Faith McDonnell has been with IRD since 1993. She is the Director of Religious Liberty Programs and of the Church Alliance for a New Sudan. She writes and speaks on the subject of the persecuted church.
Last week U.S. Representative Frank R. Wolf (R-VA) wrote to Secretary of State Hillary Rodham Clinton urging the creation of a special envoy to focus on persecuted religious minorities in the Middle East and South Central Asia. The bipartisan House bill, H.R. 440, to establish such a position passed overwhelmingly in July of 2011. But in the Senate, this critical legislation is being held up by Senator Jim Webb (D-VA) at the request of the State Department. Wolf had written previously to Webb over this issue.
Wolf notes in his October 25, 2012 letter that even though the introduction of the bill “pre-dated the so-called ‘Arab Spring,’ the dramatic changes in the region over the year have only made these communities more vulnerable.” Vulnerable communities, like the Copts, Baha’is, Jews, Chaldo-Assyrians, Mandaeans, Yezidis, Ahmadis, and the marginalized Christians of Pakistan, are at more risk than ever due to the increasing power of the Muslim Brotherhood and other Islamic supremacists.
The congressman, a long-time defender of persecuted Christians and other religious minorities around the world told Clinton that he was concerned that “time was running out — both in terms of the legislative calendar for this year and in terms of the plight of these communities.” Both the House-passed legislation and the companion bill introduced in the Senate by Senators Roy Blunt (R-MO) and Carl Levin (D-MI) are “languishing in the Senate.”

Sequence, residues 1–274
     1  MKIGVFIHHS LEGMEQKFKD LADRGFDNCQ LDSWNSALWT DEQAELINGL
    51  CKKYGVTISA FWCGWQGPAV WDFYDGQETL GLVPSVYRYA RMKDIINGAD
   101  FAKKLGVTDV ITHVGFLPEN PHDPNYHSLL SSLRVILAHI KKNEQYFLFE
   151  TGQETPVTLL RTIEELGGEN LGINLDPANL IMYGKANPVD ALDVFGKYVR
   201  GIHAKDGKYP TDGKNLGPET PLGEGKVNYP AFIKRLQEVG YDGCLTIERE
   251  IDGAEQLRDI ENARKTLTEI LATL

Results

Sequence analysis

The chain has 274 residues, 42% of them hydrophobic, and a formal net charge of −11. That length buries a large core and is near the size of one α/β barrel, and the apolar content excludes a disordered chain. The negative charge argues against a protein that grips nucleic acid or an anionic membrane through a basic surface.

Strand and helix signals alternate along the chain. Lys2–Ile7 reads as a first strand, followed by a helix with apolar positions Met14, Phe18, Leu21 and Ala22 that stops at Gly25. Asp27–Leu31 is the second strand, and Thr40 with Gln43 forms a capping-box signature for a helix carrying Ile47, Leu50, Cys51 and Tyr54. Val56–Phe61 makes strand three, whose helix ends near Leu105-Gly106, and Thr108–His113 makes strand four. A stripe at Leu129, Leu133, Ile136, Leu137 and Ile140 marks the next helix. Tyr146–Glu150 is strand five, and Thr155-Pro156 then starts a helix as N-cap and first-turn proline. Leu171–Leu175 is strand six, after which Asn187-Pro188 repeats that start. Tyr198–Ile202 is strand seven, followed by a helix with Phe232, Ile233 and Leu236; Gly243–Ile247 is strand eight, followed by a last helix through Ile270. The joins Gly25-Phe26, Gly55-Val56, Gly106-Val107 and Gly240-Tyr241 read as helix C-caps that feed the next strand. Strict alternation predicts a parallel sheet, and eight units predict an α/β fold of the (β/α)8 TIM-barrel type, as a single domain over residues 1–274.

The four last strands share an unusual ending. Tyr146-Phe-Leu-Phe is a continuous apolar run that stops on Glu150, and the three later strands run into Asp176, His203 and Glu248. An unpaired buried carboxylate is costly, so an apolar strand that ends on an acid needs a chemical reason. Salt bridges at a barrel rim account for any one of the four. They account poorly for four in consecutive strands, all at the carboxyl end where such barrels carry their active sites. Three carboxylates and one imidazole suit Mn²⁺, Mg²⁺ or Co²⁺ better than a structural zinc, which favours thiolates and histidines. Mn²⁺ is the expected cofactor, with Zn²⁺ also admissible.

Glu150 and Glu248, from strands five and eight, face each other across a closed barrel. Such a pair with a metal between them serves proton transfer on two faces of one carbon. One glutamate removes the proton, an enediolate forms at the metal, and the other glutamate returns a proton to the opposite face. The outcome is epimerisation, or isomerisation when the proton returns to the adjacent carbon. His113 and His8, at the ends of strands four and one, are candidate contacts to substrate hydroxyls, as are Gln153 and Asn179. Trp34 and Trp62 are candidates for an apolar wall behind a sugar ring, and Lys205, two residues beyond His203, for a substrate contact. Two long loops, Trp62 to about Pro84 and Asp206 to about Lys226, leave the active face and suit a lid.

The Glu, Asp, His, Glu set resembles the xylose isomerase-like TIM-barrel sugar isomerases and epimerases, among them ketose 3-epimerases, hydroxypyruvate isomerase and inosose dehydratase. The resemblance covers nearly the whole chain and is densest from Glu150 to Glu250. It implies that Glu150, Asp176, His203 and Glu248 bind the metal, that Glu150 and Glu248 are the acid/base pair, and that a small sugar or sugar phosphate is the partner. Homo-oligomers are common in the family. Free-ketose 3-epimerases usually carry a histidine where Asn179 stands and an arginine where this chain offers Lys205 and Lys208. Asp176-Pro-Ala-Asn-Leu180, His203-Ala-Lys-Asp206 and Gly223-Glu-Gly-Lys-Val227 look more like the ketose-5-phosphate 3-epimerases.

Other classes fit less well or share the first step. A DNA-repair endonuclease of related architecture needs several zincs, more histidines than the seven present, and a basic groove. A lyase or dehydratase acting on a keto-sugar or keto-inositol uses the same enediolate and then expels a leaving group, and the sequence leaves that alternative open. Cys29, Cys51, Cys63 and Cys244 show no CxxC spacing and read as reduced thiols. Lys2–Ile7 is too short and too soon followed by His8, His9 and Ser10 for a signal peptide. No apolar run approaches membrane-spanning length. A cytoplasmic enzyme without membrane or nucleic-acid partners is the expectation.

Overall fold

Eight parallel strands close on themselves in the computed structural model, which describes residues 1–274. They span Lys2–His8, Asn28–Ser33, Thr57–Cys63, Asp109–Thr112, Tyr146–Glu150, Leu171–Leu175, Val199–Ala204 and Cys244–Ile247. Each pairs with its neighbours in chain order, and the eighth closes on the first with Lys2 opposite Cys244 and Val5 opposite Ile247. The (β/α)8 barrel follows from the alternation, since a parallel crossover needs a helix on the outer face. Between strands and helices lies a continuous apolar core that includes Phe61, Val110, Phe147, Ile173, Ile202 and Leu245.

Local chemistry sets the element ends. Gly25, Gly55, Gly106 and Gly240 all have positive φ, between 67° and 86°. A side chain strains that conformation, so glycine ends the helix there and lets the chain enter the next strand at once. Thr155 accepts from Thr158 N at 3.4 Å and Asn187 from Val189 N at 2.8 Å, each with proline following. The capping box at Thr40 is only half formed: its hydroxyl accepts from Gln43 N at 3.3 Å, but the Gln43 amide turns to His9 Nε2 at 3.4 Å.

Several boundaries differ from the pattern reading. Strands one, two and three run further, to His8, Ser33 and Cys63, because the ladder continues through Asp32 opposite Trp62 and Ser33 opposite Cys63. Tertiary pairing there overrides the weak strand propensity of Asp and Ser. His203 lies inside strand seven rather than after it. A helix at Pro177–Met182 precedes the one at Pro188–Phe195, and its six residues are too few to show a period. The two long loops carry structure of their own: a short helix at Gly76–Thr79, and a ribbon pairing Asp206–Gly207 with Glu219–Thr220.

Another obstacle to the legislation appears to be the chair of the Senate Foreign Relations Commitee, Senator John Kerry (D-MA). Senator Webb indicated that he “is uncomfortable with the legislation moving forward absent a hearing by the Senate Foreign Relations Committee.” So Wolf made repeated requests to Kerry, as did many human rights organizations, to hold a hearing on the subject, but he has never held one.
Wolf warns that the “devasting trend” of persecution and flight by Middle East and South Central Asian religious minorities has “broader geopolitical implications” as well. “Religious pluralism is central to any vibrant democracy and religious minorities have historically been a moderating influence in these parts of the world,” he says.
“Despite the strategic imperative and the moral obligation to act, the State
Department seems unable or unwilling to address the issue with the urgency it
demands,” Wolf concludes. But part of the tenacious Mr. Wolf’s long history as a defender of human rights and religious freedom has been in countering resistance from all quarters — even the State Department. The moral obligation to act may win out yet.
Those who wish to see the creation of this special envoy position may wish to send a message to Secretary of State Clinton themselves. Virginia residents may wish to ask Senator Webb to lift the hold on the bill. Massachusetts residents may wish to ask Senator Kerry to hold a hearing on the subject.Google+